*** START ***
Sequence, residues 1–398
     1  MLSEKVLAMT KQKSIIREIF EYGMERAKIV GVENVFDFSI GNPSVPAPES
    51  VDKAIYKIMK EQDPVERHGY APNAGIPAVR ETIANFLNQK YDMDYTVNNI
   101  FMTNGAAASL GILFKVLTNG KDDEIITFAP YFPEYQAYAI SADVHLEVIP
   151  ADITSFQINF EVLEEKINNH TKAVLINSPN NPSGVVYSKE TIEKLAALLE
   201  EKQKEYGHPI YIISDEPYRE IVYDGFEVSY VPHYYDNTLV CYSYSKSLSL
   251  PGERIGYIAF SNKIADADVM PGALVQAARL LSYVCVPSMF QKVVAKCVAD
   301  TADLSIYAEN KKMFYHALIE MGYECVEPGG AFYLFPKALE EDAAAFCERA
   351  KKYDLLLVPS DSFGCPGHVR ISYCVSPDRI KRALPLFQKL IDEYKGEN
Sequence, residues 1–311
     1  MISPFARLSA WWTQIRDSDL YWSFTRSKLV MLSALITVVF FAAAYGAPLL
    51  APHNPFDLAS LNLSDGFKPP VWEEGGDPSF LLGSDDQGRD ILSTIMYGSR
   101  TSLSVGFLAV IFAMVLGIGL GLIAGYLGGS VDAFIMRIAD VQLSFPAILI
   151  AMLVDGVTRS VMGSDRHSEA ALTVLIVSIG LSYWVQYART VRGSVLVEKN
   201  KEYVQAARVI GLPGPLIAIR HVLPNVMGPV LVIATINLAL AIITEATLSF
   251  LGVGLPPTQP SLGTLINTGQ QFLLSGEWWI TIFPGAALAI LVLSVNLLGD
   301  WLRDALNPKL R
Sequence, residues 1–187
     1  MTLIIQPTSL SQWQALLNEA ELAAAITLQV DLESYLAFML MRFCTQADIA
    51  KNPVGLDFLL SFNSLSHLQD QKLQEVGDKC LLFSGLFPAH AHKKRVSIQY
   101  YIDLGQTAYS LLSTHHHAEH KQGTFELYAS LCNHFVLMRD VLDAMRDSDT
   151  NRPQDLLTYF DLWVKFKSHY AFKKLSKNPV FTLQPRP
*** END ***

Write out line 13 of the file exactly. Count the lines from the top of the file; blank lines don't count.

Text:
   101  TSLSVGFLAV IFAMVLGIGL GLIAGYLGGS VDAFIMRIAD VQLSFPAILI